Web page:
“Covid has hit the niche properties. We had an extremely low 2020 season and wonder how 2021 will shape up. We are now marketing our facilities to the judicious domestic vacationing families who are flocking to Goa since it opened up for tourism during pandemic,” informs Sandesh.
Turiya’s strength has its guests returning home to their normal routine, and continuing to miss their out-of-the-box Turiya staycation.
“Using that as our strong feature, we are confident Turiya will soon be busy again and we will be standing tall in the homestay business,” Sandesh concludes optimistically.
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Backwaters along Olaulim Backyards
“In 2000 Savio and I moved to the small village of Olaulim along the backwaters in north Goa. Ten years later we entered the homestay market. Located on a three-acre property with its nature trail and water body, it is ideal for kayaking,” introduces Pirkko who is originally from Finland.
Prior to the pandemic, Olaulimgoa Backyard’s clientele was predominantly European and American during the high season months of October to April – with domestic visitors filling our rooms the rest of the months. Both domestic and foreign clientele seek local, personalised homestay experiences and experiences the lifestyle and local cuisine.
“The covid pandemic meant shutting our place for five months initially, so obviously it hit us big. Luckily now our domestic repeat guests feel safe staying with us as we follow covid regulations stringently. Besides, being in a rural setting, everyone is outdoors without the feeling of being overcrowded,” adds the local boy, Savio.
“We have not had any instances of ‘undesirable’ guests staying here. Before opening our homes to strangers, as we are not on any online booking portal, we communicate directly with the visitors. This helps us gauge them, and they know what to except from us, and vice-versa. It’s been a win-win situation so far,” Pirkko, whose previous tourism experience is a boon to her business.
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Enjoy cashew feni in a heritage brewery
“We typically describe our business as a homestay on a farm. Guests enjoy walks on our nature trail, the natural water panorama pool and a private waterfall during the monsoon, all spread over lush 50 acres,” introduces Ashok Malkarnekar who spent his childhood at the family’s Dudhsagar Plantation in verdant eastern Goa.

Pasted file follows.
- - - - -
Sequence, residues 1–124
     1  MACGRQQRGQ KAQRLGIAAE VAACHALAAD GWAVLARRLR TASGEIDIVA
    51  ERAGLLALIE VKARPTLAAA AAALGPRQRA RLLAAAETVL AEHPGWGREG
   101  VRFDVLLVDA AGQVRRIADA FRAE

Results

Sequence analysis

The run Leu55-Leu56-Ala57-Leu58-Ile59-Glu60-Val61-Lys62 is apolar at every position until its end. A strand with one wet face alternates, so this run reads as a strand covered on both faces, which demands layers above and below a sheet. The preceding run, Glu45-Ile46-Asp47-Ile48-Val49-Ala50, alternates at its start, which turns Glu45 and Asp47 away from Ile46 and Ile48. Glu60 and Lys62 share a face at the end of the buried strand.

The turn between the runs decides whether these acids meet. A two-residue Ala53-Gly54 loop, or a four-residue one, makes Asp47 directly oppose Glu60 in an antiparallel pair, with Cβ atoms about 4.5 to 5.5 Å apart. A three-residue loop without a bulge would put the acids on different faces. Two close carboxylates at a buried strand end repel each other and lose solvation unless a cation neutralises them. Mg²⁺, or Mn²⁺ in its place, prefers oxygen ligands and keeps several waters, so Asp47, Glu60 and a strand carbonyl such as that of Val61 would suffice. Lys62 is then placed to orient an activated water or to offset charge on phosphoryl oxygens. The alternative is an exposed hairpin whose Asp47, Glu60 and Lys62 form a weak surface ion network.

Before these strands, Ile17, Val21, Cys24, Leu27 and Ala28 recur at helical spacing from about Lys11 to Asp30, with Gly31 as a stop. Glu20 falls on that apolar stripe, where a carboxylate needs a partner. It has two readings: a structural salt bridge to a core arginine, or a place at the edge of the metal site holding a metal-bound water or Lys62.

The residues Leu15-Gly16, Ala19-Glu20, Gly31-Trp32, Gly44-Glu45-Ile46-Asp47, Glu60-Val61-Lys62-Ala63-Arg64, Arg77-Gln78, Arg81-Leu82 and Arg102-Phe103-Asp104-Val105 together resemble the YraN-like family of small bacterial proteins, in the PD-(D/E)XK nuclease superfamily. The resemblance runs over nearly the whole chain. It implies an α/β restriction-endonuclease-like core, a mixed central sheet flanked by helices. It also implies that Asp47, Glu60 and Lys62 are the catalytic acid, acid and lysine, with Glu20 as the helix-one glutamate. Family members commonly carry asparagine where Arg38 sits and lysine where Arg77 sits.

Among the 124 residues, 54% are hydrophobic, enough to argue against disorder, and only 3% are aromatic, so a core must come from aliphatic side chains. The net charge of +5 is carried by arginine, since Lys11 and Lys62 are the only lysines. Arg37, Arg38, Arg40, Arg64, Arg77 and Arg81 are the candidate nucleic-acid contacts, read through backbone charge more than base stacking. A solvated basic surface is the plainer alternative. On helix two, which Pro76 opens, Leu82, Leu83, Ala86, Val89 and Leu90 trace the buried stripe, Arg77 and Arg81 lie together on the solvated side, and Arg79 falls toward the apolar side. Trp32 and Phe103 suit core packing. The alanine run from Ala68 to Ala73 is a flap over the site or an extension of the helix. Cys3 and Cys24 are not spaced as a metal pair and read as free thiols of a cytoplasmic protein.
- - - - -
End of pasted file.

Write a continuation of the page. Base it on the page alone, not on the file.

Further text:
After spending eight years in the development sector in Mumbai and Jakarta, Ashok realised he was not a city guy. It was a no brainer that the nature lover returned to his roots.
“In 2014 my father Ajit and I opened our plantation to guests. I was soon multi-tasking as front office manager, waiter, cook, barkeeper, and even plumber,” he recalls.
Today, the plantation has five independent cottages, a spice garden and a heritage brewery where cashew feni is produced.
“Our guests are a blend of international and domestic travellers, and usually end up leaving as friends. The foreigners prefer a slower pace with more time at hand. The Indian guests have busier itineraries and shorter stays. Domestic visitors are increasingly embracing the idea of road trips and experiential travel. We offer communal, interactive dining, which results in interesting stories exchanged. They are inspired by our working with nature, rather than against it. You can’t replicate this in a hotel, where the ambience is more ‘anonymous’,” Ashok stresses.
Goa incites with its special vibe and since travel was allowed during the pandemic, has become a favoured base for Work from Home in addition to a vacation destination for families.
Ashok recalls, “we had completely shut down during the initial six-seven months of covid. Now we have reopened with reduced occupancy while strictly following covid procedures. Our spacious premises prevent overcrowding and gives visitors reassurance to book with us.”
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Stay in a 250-year-old mud cottage
One of the main attractions at Tanshikar Spice Farm is living in one of the five mud cottages. The two-and-half-century old age-old construction keeps inhabitants cool during summer and warm in cooler climes. In addition, there are seven wooden cottages and two tree houses to accommodate 30-34 people simultaneously.
Chinmay is the 3rd generation Tanshikar in the family estate spread over 40 acres among the rainforest of Western Ghats. He started this venture because “our elders believe that while growing our business and generating money is vital, yet it is more important not to leave your family home and village. This is an ‘organic growth’ business.”
Twelve years ago, we started by inviting day visitors to experience organic spice plantation and bee farming. Four years later, we introduced Agri-Eco Tourism, which got in visitors, showing if farming survives then only will tourism survive.
“Most international travellers were long staying guests preferring interactive experience and living and eating as the local Goan community does. Domestic visitors stay for shorter duration and are busy covering tourist places.
The client ratio earlier had been 70% international to 30% domestic visitors. Since covid, a shift in thinking has domestic travellers selecting isolated hinterland homestays, rather than the preferred crowded beachside accommodation.
“We still adhere to our olders’ advice –. Stick to our basics and make it cost effective for guests,’ ends Chinmaya.